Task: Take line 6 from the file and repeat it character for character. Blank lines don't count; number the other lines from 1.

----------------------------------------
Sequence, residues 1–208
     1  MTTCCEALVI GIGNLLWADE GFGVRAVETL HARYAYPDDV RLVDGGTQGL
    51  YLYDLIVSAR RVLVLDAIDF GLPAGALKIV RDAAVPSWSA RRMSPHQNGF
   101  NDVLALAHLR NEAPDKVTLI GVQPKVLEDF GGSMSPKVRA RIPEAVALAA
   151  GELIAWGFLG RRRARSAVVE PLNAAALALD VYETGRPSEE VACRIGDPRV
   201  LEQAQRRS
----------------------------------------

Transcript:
   201  LEQAQRRS